February 19, 2013 / 8:17 PM / 5 years ago

GLOBAL MARKETS-Shares boosted by M&A, German data; Yen climbs

* Wall St gains on M&A optimism; S&P extends seven-week
winning streak
    * Google shares hit all-time high
    * European shares gain after strong German data
    * Yen rises broadly on doubts over monetary outlook

    By Angela Moon
    NEW YORK, Feb 19 (Reuters) - Global stock markets rose on
Tuesday as U.S. stocks were boosted by news of yet another
possible merger that suggested there is still room to the
upside, while a pick-up in German economic sentiment supported
European stocks.
    The S&P 500 Index, hovering near a five-year high,
extended its seven-week winning streak. The benchmark index is
already up 7 percent for the year.
    Office Depot Inc, the No. 2 U.S. office supply
retailer, and smaller rival OfficeMax Inc are said to be
in advanced talks to merge.
    The deal would be the latest addition to more than $158
billion in U.S. deals announced thus far in 2013. Last week,
deals were reached for the acquisition of H.J. Heinz Co 
by Berkshire Hathaway and a partner, and the sale by
General Electric of its remaining stake in NBCUniversal
to Comcast Corp.  
    In Europe, stocks posted their best finish in three weeks as
stronger-than-expected German sentiment data prompted investors
to return to economically-sensitive sectors like autos and
technology after a three-session losing streak.
    Optimism that the worst of the euro zone debt crisis is over
has helped German investor and analyst sentiment soar to its
highest level in nearly three years this month. 
    In the currency market, the yen climbed after two days of
losses. Japanese Finance Minister Taro Aso said he was not
considering foreign bond purchases. 
    Further boosting the U.S. market, Google shares 
rose 1.5 percent to an all-time high of $805.00.
    Office Depot rose 11 percent to $5.08 and OfficeMax shares
jumped 20 percent to $12.92. Shares of larger rival Staples Inc
 shot up 13 percent to $14.62. 
    "Equity investors have to be encouraged by M&A, since if the
number crunchers are offering large premiums, that shows how
much value is still in the market," said Mike Gibbs, co-head of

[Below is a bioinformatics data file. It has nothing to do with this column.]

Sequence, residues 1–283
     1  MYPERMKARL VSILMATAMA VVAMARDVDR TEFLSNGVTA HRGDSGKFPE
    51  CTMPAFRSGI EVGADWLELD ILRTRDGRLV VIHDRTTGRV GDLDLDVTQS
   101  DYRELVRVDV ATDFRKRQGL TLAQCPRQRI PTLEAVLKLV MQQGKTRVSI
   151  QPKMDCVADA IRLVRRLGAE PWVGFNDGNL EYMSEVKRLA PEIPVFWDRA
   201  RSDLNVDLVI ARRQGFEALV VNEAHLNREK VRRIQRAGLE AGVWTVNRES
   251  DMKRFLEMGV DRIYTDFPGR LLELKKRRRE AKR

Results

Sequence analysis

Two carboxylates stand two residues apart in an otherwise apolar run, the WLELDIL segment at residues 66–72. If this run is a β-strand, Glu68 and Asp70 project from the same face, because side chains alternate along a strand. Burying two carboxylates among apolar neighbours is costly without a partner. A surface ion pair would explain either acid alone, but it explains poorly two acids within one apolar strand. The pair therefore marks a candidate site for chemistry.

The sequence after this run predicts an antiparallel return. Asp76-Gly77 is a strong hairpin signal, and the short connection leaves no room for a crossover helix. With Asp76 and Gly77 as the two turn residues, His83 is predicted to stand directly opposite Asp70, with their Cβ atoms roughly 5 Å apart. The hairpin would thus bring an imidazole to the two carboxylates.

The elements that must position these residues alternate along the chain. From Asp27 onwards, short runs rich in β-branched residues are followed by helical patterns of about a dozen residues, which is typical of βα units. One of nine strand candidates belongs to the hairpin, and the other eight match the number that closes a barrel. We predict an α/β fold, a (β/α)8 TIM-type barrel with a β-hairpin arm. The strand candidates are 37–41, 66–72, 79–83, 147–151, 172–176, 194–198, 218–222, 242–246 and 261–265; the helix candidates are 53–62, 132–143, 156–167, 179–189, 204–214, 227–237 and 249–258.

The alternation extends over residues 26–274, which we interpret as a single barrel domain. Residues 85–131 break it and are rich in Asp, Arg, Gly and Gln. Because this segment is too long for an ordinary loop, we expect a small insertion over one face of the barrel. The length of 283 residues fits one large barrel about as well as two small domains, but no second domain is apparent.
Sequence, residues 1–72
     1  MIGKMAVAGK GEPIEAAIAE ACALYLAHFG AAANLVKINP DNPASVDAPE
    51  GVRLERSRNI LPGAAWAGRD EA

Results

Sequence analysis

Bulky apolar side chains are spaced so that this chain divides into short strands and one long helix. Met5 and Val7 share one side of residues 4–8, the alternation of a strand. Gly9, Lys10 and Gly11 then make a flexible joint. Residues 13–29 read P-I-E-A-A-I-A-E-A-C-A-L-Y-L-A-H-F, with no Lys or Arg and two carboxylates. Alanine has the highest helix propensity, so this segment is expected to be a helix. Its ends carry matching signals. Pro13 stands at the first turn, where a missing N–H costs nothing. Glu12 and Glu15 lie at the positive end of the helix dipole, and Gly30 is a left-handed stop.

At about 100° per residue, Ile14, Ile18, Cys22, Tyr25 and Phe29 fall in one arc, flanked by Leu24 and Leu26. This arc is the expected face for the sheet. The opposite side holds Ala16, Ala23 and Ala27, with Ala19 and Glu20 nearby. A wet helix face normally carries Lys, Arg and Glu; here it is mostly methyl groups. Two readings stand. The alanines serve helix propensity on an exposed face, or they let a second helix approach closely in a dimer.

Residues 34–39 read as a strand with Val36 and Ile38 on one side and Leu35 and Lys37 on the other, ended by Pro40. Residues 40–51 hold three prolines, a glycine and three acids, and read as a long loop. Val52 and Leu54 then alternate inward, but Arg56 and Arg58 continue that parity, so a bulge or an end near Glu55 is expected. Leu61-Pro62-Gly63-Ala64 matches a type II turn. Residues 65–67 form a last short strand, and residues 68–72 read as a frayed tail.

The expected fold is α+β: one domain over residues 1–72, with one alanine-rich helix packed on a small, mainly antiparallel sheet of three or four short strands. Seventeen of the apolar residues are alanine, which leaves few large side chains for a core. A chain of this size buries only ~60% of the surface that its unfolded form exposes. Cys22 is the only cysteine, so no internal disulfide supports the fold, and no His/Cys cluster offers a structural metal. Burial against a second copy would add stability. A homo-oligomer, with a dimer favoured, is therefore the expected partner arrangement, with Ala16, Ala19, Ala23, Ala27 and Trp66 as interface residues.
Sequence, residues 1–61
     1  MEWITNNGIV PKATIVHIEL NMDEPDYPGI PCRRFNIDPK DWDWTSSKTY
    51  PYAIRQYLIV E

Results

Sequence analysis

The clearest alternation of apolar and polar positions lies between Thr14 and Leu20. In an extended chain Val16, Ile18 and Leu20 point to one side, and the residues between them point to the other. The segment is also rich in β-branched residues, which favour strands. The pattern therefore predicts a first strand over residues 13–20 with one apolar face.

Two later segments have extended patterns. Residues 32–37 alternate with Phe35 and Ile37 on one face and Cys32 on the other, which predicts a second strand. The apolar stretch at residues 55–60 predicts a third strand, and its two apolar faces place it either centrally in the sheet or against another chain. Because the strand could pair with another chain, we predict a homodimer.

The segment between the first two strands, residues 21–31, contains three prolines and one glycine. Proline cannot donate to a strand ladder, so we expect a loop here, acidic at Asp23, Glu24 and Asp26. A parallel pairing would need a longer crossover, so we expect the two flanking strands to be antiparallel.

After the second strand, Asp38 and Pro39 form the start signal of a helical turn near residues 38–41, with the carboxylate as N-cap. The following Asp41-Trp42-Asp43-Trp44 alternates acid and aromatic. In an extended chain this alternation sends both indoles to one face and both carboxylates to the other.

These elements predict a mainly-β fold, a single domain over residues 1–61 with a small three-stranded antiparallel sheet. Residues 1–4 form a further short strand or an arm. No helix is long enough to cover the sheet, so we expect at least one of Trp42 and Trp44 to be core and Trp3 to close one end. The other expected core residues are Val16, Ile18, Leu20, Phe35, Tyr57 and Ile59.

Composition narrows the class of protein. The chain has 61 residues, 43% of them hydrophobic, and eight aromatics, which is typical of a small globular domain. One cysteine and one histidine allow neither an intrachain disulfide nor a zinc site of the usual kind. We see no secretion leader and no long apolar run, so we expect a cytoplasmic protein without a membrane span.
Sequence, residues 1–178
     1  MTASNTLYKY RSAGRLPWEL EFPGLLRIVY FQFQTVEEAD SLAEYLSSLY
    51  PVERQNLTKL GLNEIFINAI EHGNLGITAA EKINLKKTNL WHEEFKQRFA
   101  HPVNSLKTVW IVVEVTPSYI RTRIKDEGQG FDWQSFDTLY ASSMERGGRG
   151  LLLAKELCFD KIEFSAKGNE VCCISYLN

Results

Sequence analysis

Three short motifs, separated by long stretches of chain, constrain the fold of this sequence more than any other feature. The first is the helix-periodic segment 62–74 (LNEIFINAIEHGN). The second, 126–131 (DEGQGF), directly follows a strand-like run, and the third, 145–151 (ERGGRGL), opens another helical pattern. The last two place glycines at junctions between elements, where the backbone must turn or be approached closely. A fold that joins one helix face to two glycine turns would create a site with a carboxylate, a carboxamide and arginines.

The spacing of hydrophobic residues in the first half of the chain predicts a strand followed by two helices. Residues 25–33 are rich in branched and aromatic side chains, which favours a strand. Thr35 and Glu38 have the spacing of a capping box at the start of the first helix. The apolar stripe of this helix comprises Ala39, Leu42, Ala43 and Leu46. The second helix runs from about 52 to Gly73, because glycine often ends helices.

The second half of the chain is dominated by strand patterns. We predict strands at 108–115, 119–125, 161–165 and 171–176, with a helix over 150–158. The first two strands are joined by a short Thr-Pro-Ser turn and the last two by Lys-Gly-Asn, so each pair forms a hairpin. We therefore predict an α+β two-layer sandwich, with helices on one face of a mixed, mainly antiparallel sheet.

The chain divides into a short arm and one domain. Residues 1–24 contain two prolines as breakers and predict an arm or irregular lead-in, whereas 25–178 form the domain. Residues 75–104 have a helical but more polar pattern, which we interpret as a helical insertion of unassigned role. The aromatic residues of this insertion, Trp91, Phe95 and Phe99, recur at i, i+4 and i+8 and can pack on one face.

the equity advisory group at Raymond James in Memphis,
    MSCI's world equity index was up 0.7
percent, though markets have been falling for two weeks since a
big run-up in January.
    The Dow Jones industrial average was up 47.56 points,
or 0.34 percent, at 14,029.32. The Standard & Poor's 500 Index 
 was up 9.40 points, or 0.62 percent, at 1,529.19. The
Nasdaq Composite Index  was up 16.05 points, or 0.50
percent, at 3,208.08.
    The pan-European FTSEurofirst 300 index 
provisionally closed up 1.1 percent at 1,171.73 - more than
recovering the previous three sessions' losses.
    The yen rose against the dollar and euro as disagreement
between Japanese officials raised doubts over how aggressively
Japan will ease its monetary policy.
    Japanese Finance Minister Taro Aso said on Tuesday he was
not considering buying foreign bonds as part of efforts to ease
monetary policy, a day after Prime Minister Shinzo Abe said this
was an option. 
    Expectations Japan will take further stimulative steps to
fight deflation have driven the dollar up 8 percent versus the
yen so far this year. But the pace of the yen's fall has slowed
lately as investors waited to see if words will translate into
    "The comments suggested that there may be growing
differences between the prime minister and the finance minister,
which could threaten the pace of policy easing going forward,"
said Omer Esiner, chief market analyst at Commonwealth Foreign
Exchange in Washington, D.C.
    The dollar fell 0.6 percent to 93.36 yen, well below
a peak of 94.22 yen hit on Monday after Japan escaped direct
criticism from its G20 peers at the weekend.
    The euro was down 0.4 percent at 124.99 yen.
Against the dollar, the euro rose 0.3 percent to $1.3387.
    The euro moved further away from a three-week low of $1.3306
hit on Friday, with traders reporting bids at $1.3310-15.
    Europe's shared currency also rose sharply against sterling,
gaining 0.5 percent to 86.78 pence on speculation that
the UK could lose its triple-A credit rating. 
    The euro has come under selling pressure in the wake of
recent data revealing a deeper-than-forecast euro zone recession
and on concerns that Italy's Feb. 24-25 election could fragment
parliament, potentially hampering the country's reform efforts.
    The dollar index, meanwhile, slipped 0.2 percent to 80.451,
still within striking distance of the 80.727 six-week
high hit on Monday.
    U.S. Treasury debt was little changed. The benchmark 10-year
U.S. Treasury note was down 5/32, with the yield at
2.0225 percent.
    Brent crude for April delivery was down 3 cents at
$117.35 per barrel, while U.S. crude for March added 62
cents to $96.47 a barrel.

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